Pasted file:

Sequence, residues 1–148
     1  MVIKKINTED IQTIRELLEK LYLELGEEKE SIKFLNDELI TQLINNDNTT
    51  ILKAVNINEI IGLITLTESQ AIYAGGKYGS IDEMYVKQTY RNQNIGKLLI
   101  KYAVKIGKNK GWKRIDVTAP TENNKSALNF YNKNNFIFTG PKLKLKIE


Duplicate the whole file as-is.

Sequence, residues 1–148
     1  MVIKKINTED IQTIRELLEK LYLELGEEKE SIKFLNDELI TQLINNDNTT
    51  ILKAVNINEI IGLITLTESQ AIYAGGKYGS IDEMYVKQTY RNQNIGKLLI
   101  KYAVKIGKNK GWKRIDVTAP TENNKSALNF YNKNNFIFTG PKLKLKIE